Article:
In the case of Torah-based theocratic society, the situation is different: a government is necessary for interpretation of Oral Law to fit the needs of the changing times — yet, the authority to do is given directly by G-d. The authority of secular government, on the other hand, is vested in the rights its people delegated to it, and no person can delegate to the government a right to rob another citizen on his behalf; he doesn’t have such a right a priori. Or, to quote Bastiat:
It is not because men have made laws, that personality, liberty, and property exist. On the contrary, it is because personality, liberty, and property exist beforehand, that men make laws. What, then, is law? As I have said elsewhere, it is the collective organization of the individual right to lawful defense.
Nature, or rather G-d, has bestowed upon every one of us the right to defend his person, his liberty, and his property, since these are the three constituent or preserving elements of life; elements, each of which is rendered complete by the others, and that cannot be understood without them. For what are our faculties, but the extension of our personality? and what is property, but an extension of our faculties?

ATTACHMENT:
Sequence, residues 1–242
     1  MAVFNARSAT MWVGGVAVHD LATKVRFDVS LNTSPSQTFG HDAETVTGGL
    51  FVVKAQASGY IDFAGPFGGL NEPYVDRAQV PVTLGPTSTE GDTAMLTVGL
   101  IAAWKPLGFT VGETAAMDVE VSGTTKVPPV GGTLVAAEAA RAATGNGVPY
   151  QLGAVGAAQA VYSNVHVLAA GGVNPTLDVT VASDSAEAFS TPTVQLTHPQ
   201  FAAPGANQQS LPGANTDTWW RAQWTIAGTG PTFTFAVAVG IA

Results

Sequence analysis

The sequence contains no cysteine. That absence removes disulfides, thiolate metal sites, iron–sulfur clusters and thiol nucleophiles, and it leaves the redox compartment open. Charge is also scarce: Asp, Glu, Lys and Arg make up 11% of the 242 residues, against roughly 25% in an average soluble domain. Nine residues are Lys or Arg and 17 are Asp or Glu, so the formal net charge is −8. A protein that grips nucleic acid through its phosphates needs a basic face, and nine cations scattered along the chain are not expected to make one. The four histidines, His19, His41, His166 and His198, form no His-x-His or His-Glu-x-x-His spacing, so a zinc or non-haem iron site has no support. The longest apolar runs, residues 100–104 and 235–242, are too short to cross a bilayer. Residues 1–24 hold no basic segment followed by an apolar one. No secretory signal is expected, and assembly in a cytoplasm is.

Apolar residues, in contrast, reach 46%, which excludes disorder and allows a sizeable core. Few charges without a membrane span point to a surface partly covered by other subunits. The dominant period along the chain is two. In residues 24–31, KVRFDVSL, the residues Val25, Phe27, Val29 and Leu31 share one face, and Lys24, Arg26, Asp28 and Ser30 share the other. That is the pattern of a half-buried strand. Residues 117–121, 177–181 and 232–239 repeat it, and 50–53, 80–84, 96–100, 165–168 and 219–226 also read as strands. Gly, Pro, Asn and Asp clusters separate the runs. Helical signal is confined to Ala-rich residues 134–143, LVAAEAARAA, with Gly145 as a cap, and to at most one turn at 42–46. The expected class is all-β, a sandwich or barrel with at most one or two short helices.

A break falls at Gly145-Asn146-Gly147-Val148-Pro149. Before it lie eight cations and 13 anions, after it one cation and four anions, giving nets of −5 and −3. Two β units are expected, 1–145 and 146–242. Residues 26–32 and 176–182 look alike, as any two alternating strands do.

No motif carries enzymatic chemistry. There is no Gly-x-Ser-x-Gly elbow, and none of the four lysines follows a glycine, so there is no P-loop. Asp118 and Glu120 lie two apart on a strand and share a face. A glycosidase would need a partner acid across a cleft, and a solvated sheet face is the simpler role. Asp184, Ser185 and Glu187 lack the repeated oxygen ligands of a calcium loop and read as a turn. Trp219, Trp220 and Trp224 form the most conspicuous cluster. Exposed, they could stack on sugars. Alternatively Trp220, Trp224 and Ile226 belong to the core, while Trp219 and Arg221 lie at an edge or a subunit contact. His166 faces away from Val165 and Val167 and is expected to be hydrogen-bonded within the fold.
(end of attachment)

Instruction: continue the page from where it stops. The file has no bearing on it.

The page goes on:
If every man has the right of defending, even by force, his person, his liberty, and his property, a number of men have the right to combine together to extend, to organize a common force to provide regularly for this defense. Collective right, then, has its principle, its reason for existing, its lawfulness, in individual right; and the common force cannot rationally have any other end, or any other mission, than that of the isolated forces for which it is substituted. Thus, as the force of an individual cannot lawfully touch the person, the liberty, or the property of another individual — for the same reason, the common force cannot lawfully be used to destroy the person, the liberty, or the property of individuals or of classes.